Turkmenistan's acting president said yesterday that a date for elections to replace the ex-Soviet republic's late long-ruling dictator will be set on Tuesday.
Acting President Gurbanguli Berdymukhamedov promised the polls would be democratic. However, the presidential candidates will be nominated, and there was no indication that the one-party state intends to introduce full democracy after long-entrenched authoritarian rule.
President Saparmurat Niyazov, 66, died from heart failure on Thursday after 21 years at the helm of the gas-rich nation.
His sudden death prompted predictions yesterday of a power struggle inside the ex-Soviet republic and a no less fierce contest among major powers coveting the nation's natural gas deposits.
Niyazov held absolute power and created an elaborate cult around himself after the nation of 5 million became independent with the 1991 Soviet collapse.
The date of the next presidential polls will be set by the People's Council, the country's highest legislative body, at a session scheduled for Tuesday, Berdymukhamedov said. His decree also said that on Tuesday the People's Council will consider "`candidates nominated for the president's post."
Presidential elections were last held in 1992, and Niyazov won with 95.5 percent of the vote.
Yesterday's newspapers, which are all state-controlled, were fully devoted to Niyazov's death, carrying front-page photographs of him and reaction and condolences from citizens and companies.
"Our hearts are overfilled with sorrow," "Feeling the pain of a loss," "An irreplaceable loss," said headlines in the official Neutral Turkmenistan newspaper.
State-run TV broadcasted funeral music, as it had all day on Thursday following the announcement that Niyazov had died of a heart attack. New Year's decorations were gone from the streets and black ribbons attached to flags.
All restaurants, cafes and liquor shops were closed throughout the country.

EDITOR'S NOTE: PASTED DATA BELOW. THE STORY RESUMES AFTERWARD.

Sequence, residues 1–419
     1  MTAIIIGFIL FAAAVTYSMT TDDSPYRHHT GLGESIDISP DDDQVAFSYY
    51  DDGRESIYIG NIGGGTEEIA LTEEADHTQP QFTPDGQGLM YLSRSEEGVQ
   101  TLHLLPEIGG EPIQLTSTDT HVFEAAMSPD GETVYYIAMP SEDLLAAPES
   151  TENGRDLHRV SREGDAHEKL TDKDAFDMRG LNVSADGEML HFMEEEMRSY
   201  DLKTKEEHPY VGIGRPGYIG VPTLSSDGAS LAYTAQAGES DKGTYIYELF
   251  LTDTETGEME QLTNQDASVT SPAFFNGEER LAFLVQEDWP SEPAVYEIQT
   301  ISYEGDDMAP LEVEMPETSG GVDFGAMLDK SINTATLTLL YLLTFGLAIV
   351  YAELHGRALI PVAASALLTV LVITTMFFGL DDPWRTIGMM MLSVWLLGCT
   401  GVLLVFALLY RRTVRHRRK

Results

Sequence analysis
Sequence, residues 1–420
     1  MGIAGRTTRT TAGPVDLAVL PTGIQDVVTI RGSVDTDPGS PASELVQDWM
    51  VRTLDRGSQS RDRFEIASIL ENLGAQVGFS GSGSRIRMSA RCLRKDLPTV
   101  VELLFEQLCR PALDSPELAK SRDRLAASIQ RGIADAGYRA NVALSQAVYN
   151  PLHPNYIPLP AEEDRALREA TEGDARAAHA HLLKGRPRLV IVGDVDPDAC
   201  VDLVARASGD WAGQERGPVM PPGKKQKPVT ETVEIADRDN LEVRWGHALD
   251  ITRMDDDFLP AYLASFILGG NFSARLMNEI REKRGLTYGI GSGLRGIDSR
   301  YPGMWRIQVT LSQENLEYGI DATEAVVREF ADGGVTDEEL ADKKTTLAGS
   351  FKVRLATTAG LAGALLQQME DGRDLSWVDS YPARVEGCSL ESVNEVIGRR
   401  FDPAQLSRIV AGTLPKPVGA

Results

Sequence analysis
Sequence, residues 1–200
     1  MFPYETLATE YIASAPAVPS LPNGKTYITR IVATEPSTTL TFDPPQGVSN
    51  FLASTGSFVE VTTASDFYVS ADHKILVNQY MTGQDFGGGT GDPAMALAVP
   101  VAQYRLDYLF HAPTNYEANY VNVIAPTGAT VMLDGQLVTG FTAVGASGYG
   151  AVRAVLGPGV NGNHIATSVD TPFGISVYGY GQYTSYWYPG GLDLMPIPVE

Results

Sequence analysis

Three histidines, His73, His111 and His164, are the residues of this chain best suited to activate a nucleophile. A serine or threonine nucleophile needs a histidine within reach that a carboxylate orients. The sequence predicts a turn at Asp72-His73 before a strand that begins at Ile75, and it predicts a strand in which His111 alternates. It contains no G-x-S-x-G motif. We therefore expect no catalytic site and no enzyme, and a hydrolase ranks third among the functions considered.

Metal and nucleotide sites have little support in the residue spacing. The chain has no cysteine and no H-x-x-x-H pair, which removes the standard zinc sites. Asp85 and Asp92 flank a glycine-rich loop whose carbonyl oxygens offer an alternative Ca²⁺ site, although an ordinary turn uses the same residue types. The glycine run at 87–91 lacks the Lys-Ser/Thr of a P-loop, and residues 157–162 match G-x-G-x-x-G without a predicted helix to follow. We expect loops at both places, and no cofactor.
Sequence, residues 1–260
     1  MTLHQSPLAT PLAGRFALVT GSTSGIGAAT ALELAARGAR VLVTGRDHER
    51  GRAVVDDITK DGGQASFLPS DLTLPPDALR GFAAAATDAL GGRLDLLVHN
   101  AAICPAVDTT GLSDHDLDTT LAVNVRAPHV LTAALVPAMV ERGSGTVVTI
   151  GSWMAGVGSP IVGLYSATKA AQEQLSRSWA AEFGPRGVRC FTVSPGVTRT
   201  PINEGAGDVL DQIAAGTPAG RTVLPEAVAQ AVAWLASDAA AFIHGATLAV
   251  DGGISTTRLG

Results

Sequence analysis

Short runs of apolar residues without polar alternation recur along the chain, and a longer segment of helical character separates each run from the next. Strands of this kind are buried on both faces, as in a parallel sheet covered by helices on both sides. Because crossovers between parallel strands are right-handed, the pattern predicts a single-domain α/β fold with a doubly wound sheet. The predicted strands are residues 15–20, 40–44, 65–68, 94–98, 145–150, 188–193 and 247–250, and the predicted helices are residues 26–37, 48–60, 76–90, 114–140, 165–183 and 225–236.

Weddings were ordered to be postponed until the end of the national mourning period on Dec. 30.
But beneath the outward calm, there is a gaping power vacuum waiting to be filled, left by the death of a man who declared himself president for life and ruled like an absolutist king in a country that is of growing geopolitical interest to major powers such as China, Russia and the US.
Turkmenistan not only has massive gas reserves of its own, but is positioned as a key link in the energy corridor the US wants to build from Central Asia, across the Caspian Sea and the Caucasus and to Western markets.
"His death has launched a vicious fight for power in Turkmenistan and, what is more important, a new stage of struggles between Russia, China, the European Union and other interested parties for Turkmen gas," the respected Kommersant daily wrote in Moscow.
The EU on Thursday called for the restoration of democracy in Turkmenistan in a statement that offered no condolences.
"We expect the succession process to be carried out according to the Constitution and the rule of law," the statement read.
US President George W. Bush expressed his condolences on Thursday, saying: "We look forward to continuing to expand our relations with Turkmenistan, to a bright future for that country and to a government that provides justice and opportunity for its people."
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